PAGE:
In 2012, young entrepreneurs ages 20-34 comprised more than a quarter of the total new entrepreneurship activity in the United States, according to the Kauffman Foundation.
U.S. Small Business Administration officials acknowledge that entrepreneurship can be an exciting adventure, but also point out it can be easier for younger people due to their positions in life. The barriers — including cost of entry — are low (working at home, online, etc.), and younger people may be unconstrained by the commitments of family and marriage.
In an effort to encourage entrepreneurial activity among the younger set, the SBA Michigan district office posted a blog on its website with tips to secure funding to launch, or at least ease the burden of trying to finance, a small business.
Deferring student loans: If student loan repayments are preventing you from starting your own business, the Student Startup Plan, offered through the White House-led Startup American initiative, enables college graduates — including those looking to start a business — to lower student loan repayments. Its income-based repayment plan can help keep loan payments affordable with a sliding scale to determine how much you can afford to pay on federal loans. This can give you the freedom you need to take risks with new opportunities.
Borrowing from friends and family: With a lack of strong credit history, it’s sometimes challenging for young entrepreneurs to obtain traditional loans through banks or private lenders. In these cases, it’s not uncommon to reach out to friends and family — those who know and trust you already. This is a definite pro, but the flipside comes if something goes sour with repayment or terms and the potentially compromising situation that may develop for you.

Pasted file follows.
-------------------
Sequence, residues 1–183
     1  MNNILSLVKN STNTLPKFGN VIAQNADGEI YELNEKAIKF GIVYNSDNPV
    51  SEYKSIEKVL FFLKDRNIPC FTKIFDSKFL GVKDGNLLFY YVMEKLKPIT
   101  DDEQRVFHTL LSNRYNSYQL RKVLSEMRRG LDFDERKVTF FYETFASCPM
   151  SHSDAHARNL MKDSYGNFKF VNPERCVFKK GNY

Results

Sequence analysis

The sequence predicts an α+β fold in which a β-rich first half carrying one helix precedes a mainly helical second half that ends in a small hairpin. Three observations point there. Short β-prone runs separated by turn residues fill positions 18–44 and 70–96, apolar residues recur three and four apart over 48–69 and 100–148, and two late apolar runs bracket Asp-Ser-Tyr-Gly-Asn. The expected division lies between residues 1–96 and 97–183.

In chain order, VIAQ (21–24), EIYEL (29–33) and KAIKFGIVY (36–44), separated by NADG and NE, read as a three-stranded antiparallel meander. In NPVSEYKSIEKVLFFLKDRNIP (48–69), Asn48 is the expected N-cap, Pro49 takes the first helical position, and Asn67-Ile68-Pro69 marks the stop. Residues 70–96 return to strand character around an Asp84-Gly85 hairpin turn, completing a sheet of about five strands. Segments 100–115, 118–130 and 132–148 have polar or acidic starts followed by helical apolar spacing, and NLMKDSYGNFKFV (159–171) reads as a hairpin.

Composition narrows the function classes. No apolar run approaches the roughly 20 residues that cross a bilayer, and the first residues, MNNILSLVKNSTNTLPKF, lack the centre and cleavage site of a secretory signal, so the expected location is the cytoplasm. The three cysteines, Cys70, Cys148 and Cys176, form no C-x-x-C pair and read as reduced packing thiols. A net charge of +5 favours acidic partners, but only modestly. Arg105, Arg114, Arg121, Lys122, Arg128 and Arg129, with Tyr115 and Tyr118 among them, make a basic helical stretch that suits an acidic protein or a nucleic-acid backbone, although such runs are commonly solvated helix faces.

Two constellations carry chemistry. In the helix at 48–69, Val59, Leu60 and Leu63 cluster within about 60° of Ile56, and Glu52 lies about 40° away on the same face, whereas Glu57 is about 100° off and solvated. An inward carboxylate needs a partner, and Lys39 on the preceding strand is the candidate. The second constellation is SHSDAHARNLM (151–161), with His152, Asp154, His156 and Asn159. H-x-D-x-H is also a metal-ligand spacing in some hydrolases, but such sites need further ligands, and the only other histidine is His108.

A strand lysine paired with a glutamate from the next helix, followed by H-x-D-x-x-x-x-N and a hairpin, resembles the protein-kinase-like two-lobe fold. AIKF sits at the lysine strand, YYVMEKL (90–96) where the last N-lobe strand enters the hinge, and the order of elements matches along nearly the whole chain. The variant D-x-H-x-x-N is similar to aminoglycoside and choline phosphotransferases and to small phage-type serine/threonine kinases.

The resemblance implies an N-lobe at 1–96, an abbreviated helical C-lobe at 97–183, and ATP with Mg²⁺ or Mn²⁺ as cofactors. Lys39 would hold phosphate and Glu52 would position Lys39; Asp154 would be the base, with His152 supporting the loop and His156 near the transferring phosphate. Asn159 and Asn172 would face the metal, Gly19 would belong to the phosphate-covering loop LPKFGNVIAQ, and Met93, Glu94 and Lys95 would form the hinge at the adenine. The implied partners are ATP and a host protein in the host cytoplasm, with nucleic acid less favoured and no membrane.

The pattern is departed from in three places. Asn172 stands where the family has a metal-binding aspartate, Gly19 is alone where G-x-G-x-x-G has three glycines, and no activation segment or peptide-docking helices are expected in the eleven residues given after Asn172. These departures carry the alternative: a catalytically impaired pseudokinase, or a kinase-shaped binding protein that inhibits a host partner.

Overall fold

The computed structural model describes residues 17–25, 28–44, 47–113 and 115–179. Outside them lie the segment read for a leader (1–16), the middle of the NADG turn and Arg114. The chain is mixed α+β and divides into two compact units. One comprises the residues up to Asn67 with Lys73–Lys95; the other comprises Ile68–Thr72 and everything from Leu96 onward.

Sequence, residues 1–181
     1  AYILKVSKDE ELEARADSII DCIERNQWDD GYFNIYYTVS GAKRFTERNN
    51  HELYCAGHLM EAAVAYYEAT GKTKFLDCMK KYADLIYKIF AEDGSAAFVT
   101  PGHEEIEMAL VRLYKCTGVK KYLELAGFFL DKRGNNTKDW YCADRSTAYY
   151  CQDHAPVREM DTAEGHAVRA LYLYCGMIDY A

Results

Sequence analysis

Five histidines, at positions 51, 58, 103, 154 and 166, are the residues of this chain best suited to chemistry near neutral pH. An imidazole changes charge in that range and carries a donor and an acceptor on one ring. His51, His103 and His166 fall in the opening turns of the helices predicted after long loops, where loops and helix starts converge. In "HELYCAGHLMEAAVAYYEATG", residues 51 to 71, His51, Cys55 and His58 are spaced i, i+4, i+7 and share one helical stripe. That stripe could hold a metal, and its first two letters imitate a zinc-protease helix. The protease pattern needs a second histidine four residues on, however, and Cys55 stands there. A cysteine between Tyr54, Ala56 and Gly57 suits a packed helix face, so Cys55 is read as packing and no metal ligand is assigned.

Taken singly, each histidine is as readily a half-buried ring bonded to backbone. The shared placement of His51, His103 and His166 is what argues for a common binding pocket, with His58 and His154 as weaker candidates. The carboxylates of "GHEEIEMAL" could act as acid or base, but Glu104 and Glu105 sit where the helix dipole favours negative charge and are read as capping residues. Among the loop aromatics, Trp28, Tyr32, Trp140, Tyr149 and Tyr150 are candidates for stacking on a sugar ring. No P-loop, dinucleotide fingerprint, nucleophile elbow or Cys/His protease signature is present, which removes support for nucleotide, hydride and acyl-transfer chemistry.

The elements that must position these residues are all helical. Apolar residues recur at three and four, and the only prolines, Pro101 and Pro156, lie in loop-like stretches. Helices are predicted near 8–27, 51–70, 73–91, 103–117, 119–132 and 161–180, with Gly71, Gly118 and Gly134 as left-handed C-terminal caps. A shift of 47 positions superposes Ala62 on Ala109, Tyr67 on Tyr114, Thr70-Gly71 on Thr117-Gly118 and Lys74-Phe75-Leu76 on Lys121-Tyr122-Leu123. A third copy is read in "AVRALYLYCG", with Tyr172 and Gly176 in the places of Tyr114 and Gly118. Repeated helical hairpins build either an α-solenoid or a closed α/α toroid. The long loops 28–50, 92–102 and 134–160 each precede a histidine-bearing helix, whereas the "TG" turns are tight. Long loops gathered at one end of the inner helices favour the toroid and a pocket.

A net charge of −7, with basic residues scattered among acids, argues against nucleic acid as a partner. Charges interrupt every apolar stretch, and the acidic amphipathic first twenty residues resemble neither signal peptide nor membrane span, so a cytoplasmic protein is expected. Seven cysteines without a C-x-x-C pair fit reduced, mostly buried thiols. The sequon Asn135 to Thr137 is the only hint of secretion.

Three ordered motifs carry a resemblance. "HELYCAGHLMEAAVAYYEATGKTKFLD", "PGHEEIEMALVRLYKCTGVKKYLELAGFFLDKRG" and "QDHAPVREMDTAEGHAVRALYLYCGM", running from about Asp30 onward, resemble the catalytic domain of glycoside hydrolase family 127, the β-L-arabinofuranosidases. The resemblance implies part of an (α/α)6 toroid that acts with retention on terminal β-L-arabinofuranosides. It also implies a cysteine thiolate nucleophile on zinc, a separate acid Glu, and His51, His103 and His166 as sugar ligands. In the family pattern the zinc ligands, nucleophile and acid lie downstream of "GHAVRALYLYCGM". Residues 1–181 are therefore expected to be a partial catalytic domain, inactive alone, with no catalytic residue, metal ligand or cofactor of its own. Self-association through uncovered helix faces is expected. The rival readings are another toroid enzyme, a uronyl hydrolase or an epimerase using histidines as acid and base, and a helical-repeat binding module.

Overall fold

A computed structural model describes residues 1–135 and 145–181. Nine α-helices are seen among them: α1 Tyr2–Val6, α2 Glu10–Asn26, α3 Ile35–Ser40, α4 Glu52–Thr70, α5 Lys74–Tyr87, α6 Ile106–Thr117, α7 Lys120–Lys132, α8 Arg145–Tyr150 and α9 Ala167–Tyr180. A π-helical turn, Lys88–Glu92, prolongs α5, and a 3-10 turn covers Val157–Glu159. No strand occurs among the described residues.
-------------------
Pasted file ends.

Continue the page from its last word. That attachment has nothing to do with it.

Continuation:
Consider crowdfunding: An increasingly popular method to obtain financing is crowdfunding — a collective cooperation of people who network and pool their money and resources together, usually online, to support efforts initiated by other organizations. Crowdfunding gathers multiple, smaller investments as opposed to a single source of funding.
Peer-to-peer potential: Like crowdfunding, peer-to-peer, or P2P, lending allows you to make your business case to others with the hope that someone will make an investment. The biggest difference between the two approaches is that P2P lending typically focuses on one individual lending to another (versus the “crowd” of lenders). P2P sites allow you to determine how much you need to borrow, define the purpose of the loan and post your listing online.
Avoid overinvesting: If you’re relying on your cash reserves, credit cards or savings to start a business, try to avoid some of the overinvestment traps young entrepreneurs fall into — whether it’s a swank office, bigger computer systems than necessary or inventory overload. Focus instead on building a good product and a positive customer experience. Starting a business from home or online are cost-effective ways to avoid some of these pitfalls. SBA offers a pair of guides to help new entrepreneurs: “How to Start an Online Business” and “Starting a Home-Based Business.”
One little known option for setting up a new business is to purchase government surplus products. Just about anything you can think of that your business might need is sold by the government at or below cost or fair market value.
Additional resources: SBA offers other publications young entrepreneurs might find useful. “SBA’s Young Entrepreneur Guide” offers resources and financial support information. “Young Entrepreneurs: An Essential Guide to Starting Your Own Business” is an online training course. “20 Questions Before Starting” provides a list of questions that should be answered before making key business decisions.